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dc.contributor.advisorShanahan, Paul Edward.
dc.contributor.advisorMelis, Robertus Johannes Maria.
dc.contributor.advisorLaing, Mark Delmege.
dc.creatorChiona, Martin.
dc.date.accessioned2010-08-25T12:10:59Z
dc.date.available2010-08-25T12:10:59Z
dc.date.created2009
dc.date.issued2009
dc.identifier.urihttp://hdl.handle.net/10413/614
dc.descriptionThesis (Ph.D.)-University of KwaZulu-Natal, Pietermaritzburg, 2009.
dc.description.abstractThe enrichment of B-carotene, a precursor to vitamin A, in the local sweetpotato (Ipomoea batatas L.) cultivars is an attractive option in order to improve vitamin A intake in Zambia. The study was conducted to: 1) identify sweetpotato genotypes high in B-carotene content and high root dry mass (RDM) and to determine their combining ability, as measured through their progeny performance; and 2) screen progeny for root characteristics, yield, B-carotene content, and RDM. Firstly, a participatory rural appraisal (PRA) was conducted to determine the consumer preferences for sweetpotato. These preferences would form the basis for selecting desirable genotypes. Secondly, five selected parents were crossed in a full diallel for genetic variance studies. A selected subset of the diallel progeny were evaluated in three environments. Thirdly, 15 polycross progeny were evaluated for stability in five environments using additive main effect and multiplicative interaction (AMMI). The PRA revealed that consumers preferred high RDM combined with high fresh root yield. The diallel crosses recorded significant general combining ability (GCA) and specific combining ability (SCA) effects for B-carotene, RDM, harvest index (HI) and root fresh yield (RFY). The ratios of GCA to SCA variances were large (0.68-0.92). Two high B-carotene parents exhibited positive high GCA effects, indicating that additive gene effects were predominant in the inheritance of B-carotene. Reciprocal mean squares were not significant for RDM but they were significant (p=0.01) for B-carotene content. The estimate of narrow sense heritability of RDM (76.3%) was high; but heritability of B-carotene (20.9%), HI (29.1%) and RFY (34.9%) were much lower. These results suggest that rapid genetic gains should be possible with mass selection breeding techniques based on the phenotype of the parent for RDM but progress will be slow for B-carotene content HI, and RFY. The AMMI analysis identified progeny G2 (B-carotene content = 5.0 mg 100 g-1 and RDM = 37%), G6 (B-carotene content = 4.7 mg 100 g-1 and RDM = 37%), and G8 (B-carotene content = 4.7 mg 100 g-1, RDM = 35%) from the polycross as stable across environments for both B-carotene content and RDM. Genotype G3 was best suited to one of the test environments and had the highest B-carotene content (9.421 mg 100 g-1) and a high RDM (35.47%).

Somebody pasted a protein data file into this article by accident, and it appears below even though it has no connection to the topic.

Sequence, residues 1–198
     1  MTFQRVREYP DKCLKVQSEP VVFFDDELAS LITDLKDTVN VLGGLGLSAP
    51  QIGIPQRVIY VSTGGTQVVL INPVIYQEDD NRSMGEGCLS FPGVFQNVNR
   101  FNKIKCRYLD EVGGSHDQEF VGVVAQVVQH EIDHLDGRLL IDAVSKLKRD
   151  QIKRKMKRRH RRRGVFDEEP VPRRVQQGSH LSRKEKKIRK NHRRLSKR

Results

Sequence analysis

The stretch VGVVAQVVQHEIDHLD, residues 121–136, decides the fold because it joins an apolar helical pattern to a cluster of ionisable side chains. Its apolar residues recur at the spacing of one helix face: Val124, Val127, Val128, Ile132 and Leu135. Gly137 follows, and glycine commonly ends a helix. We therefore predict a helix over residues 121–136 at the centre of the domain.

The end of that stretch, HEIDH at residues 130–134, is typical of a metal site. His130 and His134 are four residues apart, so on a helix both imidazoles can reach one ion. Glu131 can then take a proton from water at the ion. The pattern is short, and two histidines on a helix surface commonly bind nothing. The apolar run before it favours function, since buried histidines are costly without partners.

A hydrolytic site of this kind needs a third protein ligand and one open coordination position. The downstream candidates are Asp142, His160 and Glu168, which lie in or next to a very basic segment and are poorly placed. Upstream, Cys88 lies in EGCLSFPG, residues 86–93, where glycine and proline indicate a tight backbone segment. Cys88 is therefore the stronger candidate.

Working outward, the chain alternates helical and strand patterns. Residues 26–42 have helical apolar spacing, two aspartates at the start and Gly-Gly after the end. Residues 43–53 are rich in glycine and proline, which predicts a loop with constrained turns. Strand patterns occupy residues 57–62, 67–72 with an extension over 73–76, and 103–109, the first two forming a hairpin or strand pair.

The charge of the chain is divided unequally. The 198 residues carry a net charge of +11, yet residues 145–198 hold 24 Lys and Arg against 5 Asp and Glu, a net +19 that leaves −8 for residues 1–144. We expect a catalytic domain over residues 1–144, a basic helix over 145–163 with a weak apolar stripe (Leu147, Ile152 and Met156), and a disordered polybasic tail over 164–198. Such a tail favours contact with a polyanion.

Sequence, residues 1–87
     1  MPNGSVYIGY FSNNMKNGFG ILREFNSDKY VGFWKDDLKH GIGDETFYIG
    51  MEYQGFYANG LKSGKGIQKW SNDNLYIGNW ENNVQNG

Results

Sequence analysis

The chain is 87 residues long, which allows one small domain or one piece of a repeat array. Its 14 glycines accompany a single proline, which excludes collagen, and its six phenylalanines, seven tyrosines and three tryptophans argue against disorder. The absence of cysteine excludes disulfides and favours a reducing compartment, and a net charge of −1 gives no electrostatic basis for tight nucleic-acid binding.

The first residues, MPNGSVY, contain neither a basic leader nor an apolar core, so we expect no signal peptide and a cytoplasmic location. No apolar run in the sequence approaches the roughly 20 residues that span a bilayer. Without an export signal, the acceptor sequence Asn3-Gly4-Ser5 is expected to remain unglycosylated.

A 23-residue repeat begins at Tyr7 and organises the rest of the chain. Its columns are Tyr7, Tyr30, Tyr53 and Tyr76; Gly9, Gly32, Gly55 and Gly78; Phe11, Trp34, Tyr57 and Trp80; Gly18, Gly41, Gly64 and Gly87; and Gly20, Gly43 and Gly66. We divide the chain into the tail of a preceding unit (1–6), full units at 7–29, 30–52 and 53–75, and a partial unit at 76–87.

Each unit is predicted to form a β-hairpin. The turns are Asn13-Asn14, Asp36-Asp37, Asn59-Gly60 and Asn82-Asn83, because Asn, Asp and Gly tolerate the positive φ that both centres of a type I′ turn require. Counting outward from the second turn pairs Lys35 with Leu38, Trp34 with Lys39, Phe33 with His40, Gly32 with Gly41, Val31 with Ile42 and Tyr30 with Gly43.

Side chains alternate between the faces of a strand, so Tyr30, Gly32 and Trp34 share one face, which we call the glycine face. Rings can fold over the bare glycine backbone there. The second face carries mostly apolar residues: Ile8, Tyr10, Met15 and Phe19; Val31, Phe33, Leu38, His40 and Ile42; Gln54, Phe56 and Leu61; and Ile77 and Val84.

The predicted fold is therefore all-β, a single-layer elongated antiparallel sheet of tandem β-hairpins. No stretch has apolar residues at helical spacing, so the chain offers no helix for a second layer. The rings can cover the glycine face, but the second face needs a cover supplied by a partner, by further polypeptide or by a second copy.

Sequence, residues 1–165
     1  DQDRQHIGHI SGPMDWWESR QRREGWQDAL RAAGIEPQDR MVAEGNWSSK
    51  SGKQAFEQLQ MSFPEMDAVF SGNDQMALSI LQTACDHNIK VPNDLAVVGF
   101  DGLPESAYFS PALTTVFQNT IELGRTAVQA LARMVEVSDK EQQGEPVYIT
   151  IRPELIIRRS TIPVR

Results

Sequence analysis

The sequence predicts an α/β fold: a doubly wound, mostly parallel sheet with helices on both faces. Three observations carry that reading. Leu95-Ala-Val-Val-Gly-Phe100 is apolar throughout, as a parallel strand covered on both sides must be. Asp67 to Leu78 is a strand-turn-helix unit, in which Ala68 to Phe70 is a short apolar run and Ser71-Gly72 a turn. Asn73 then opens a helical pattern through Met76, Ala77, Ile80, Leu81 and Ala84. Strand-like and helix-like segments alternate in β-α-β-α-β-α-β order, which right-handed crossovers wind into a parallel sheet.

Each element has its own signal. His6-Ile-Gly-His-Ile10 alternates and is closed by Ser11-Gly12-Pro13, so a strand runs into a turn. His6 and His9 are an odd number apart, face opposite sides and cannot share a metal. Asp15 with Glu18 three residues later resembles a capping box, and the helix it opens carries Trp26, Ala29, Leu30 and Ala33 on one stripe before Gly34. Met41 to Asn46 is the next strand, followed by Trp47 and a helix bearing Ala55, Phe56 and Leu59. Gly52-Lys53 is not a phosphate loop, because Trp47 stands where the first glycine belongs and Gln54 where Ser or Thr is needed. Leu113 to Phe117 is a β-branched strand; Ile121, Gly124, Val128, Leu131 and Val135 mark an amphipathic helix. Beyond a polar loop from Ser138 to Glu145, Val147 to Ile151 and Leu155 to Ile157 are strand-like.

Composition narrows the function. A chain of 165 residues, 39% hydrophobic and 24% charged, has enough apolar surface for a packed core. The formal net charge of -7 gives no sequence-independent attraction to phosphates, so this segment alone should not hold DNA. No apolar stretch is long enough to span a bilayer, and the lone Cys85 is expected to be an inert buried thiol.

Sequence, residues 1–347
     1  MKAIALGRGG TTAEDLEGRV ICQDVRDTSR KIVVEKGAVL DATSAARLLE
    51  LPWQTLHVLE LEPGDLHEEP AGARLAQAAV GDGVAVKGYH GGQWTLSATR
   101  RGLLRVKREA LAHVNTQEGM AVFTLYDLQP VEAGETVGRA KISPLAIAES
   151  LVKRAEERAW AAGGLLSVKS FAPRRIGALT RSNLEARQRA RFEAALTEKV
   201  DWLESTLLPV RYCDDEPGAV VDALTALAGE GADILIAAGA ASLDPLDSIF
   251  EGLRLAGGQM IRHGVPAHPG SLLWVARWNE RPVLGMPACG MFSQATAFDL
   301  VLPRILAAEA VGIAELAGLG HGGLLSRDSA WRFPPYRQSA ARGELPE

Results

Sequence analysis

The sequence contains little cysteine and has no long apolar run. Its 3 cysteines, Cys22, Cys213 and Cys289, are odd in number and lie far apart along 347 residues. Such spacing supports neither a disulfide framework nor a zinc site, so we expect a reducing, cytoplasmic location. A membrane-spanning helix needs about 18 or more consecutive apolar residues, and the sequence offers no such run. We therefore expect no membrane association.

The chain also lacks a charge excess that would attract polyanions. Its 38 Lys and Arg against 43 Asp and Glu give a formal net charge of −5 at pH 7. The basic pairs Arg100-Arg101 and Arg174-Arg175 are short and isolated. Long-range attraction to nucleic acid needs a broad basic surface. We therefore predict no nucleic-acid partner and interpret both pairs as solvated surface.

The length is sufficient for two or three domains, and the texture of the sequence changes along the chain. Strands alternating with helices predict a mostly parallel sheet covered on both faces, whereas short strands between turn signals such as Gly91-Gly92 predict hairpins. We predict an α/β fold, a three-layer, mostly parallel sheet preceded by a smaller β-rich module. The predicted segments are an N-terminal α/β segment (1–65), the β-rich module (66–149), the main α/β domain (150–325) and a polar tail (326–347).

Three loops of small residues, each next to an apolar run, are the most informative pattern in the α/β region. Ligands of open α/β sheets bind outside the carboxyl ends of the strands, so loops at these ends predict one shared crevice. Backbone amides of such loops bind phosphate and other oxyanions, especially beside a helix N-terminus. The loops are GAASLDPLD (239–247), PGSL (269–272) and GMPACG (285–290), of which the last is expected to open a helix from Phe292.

dc.language.isoenen_US
dc.subjectSweet potatoes--Zambia.
dc.subjectSweet potatoes--Breeding--Zambia.
dc.subjectSweet potatoes--Zambia--Genetics.en_US
dc.subjectSweet potatoes--Yields--Zambia.
dc.subjectConsumer preferences--Zambia.en_US
dc.subjectVitamin A--Zambia.
dc.subjectVitamin A deficiency--Zambia.en_US
dc.subjectFarmers--Zambia.en_US
dc.subjectFood--Vitamin content--Zambia.en_US
dc.subjectTheses--Plant breeding.
dc.titleTowards enhancement of B-carotene content of high dry mass sweetpotato genotypes in Zambia.
dc.typeThesisen_US


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